The chart above depicts the spike in seven-day “Shibor” lending rates (via Quartz)
Below is a quote from Barron’s this weekend:
“I would say that China is now roughly at the stage [of indiscriminate credit growth] the U.S. was in March 2008, when Bear Stearns had to be rescued and the subprime market was unraveling…What will tip the scale will likely be a major event in China similar to Lehman’s bankruptcy six months after the fall of Bear Stearns, which will be some bailout of a major player that Beijing will do everything it can to disguise so as not to shake confidence.” – David Cui, Bank of America Merrill Lynch China strategist out of Shanghai
Jonathan Laing has been the author of many of the most memorable Barron’s cover stories in recent years and this weekend’s piece on China is definitely falls into that category. What Laing does here – better than most finance journalists have been able to – is connect all the dots to give us a true picture of that trembling nexus between China’s state-run banks and its shadow banks. We see all the fault lines and where they may lie, we get the true shape and color of what a worst-case scenario might look like.
For investors, the rational argument re: China has long been one of bemused skepticism, cool detachment. Knowing that everything the Chinese government reports about its economy (along with any information from its proxies) is likely to be manipulated but, well, “so what?” has been the smartest way to proceed. This attitude has kept you out of China stocks and indirect China plays (coal, iron ore, Brazil, Australia) and long the US markets.
The question now, in the face of a spiking SHIBOR (as in Shanghai LIBOR, the interbank lending rate that indicates growing counterparty distrust among Chinese banks), is whether or not ambivalence toward the world’s third largest economy will be enough? What if the banking and real estate-related shitshow moves too quickly for Chinese officials and their vast foreign reserves to paper over it? What if it gets out of hand and the “handoff” from a government-driven infrastructure economy to a consumer-driven urbanization economy hits an air pocket (as seems to be happening already)?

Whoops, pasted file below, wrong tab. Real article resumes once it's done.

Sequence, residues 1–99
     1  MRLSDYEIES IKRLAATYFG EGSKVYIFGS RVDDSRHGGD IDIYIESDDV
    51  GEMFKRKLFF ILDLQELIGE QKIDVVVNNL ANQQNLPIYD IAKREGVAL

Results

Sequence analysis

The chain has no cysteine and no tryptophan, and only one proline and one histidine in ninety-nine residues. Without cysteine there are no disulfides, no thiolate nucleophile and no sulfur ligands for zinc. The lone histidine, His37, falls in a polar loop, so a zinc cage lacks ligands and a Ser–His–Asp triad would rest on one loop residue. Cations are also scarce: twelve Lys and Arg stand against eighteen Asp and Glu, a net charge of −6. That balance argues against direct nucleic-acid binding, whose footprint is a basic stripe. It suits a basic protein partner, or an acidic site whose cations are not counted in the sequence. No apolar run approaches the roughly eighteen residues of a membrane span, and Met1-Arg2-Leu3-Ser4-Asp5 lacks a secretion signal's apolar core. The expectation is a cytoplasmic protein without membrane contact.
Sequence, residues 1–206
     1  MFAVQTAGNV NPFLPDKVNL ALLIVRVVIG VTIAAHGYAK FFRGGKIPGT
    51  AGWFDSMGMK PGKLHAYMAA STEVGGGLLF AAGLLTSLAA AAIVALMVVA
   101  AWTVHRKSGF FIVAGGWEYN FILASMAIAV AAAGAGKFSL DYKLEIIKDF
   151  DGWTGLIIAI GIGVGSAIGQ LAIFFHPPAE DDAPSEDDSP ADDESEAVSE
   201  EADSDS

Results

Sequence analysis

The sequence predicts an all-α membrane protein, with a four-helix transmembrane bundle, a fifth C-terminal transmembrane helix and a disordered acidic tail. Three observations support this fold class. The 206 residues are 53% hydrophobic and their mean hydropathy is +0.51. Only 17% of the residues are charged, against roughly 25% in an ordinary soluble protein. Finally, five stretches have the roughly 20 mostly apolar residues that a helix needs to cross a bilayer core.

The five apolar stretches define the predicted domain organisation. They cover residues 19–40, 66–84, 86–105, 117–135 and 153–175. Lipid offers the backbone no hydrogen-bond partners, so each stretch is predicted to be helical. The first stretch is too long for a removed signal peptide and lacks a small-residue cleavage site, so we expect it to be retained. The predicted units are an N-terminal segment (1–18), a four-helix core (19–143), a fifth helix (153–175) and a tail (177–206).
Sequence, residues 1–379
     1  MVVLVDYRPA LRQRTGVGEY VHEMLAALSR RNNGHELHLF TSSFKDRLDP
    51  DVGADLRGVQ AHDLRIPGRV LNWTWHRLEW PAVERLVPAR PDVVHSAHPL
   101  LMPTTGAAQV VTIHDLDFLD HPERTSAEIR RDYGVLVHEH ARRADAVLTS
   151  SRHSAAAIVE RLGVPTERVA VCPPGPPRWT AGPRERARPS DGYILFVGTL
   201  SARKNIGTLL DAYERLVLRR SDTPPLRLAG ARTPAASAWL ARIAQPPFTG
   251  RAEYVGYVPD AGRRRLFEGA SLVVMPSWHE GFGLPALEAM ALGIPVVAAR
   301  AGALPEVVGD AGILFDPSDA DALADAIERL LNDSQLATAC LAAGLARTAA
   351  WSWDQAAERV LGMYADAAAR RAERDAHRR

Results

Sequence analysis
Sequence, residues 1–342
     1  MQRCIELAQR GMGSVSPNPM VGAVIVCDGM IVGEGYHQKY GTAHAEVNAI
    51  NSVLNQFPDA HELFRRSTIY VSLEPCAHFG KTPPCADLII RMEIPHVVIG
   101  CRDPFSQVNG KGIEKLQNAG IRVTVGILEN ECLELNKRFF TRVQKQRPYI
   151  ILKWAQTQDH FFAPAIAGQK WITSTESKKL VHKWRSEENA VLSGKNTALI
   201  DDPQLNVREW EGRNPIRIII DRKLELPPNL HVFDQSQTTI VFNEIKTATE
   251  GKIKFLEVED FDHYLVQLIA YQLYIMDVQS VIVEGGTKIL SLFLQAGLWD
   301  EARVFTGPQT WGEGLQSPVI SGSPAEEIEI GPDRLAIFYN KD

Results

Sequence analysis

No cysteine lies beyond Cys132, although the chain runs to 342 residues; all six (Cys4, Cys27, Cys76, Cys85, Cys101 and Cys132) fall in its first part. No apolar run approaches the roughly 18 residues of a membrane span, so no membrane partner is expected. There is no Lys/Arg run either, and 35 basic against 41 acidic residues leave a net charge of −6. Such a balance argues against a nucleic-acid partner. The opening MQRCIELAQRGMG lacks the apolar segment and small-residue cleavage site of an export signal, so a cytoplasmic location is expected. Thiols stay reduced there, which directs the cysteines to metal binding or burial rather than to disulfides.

This bit about how everyone’s hoarding apartments as an inflation hedge was easily the most disturbing passage from Laing’s story this weekend:
Yet even with the overbuilding, market prices of apartments haven’t cracked, at least according to government reports. Developers can still borrow money for new projects even while trying to roll over and carry debt on their inventory of unsold apartments.
Faith remains undiminished that continued migration from the countryside to the cities will cure all housing oversupply. Besides, apartment purchasing has become the No. 1 investment game in China after the stock market crapped out in 2007, with the Shanghai Index falling nearly 70% since.
Apartments are now more than living space — they have become a store of value and an insurance policy against penury in old age. Living in them or even renting them out is deemed to diminish property value should someone ever show up to lease one. So they remain vacant. Press reports recently said a party official was busted for, among other things, secretly owning some 50 apartments. A collapse in the Chinese real-estate market would require only a slight shift in investor psychology. And once prices start to crumble, the results to the credit system and, ultimately, the general economy promise to be severe and widespread. Likewise, buildings and land are bedrock collateral supporting many corporate and local government loans.
I’m sorry, but you cannot have lived through the 2007-2009 period and not be nervous about the similarities between the Chinese real estate bubble and the one we had. And the fact they it’s all being financed by banks and local legislatures for no good purpose other than the continuation of the financing fees and payoffs that all these real estate transactions throw off – how can anyone brush this aside? The sheer dollar amounts involved make it impossible to ignore.
The only question is whether or not the Beijing, with its trillions of dollars in foreign currency reserves, can plug all of the holes in the Chinese financial system when the water starts rushing in. And if it cannot, in what parts of the world’s financial system will the worst collateral damage be inflicted?
I consider this a must-read article, if you don’t already have a Barron’s sub, here’s your excuse.